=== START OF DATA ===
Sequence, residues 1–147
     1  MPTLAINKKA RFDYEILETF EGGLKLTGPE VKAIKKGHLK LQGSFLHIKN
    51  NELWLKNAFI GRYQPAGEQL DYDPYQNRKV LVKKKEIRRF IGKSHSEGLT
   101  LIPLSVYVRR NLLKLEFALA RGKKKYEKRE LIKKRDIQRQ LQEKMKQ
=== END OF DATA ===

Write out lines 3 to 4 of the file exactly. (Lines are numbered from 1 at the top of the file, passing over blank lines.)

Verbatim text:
    51  NELWLKNAFI GRYQPAGEQL DYDPYQNRKV LVKKKEIRRF IGKSHSEGLT
   101  LIPLSVYVRR NLLKLEFALA RGKKKYEKRE LIKKRDIQRQ LQEKMKQ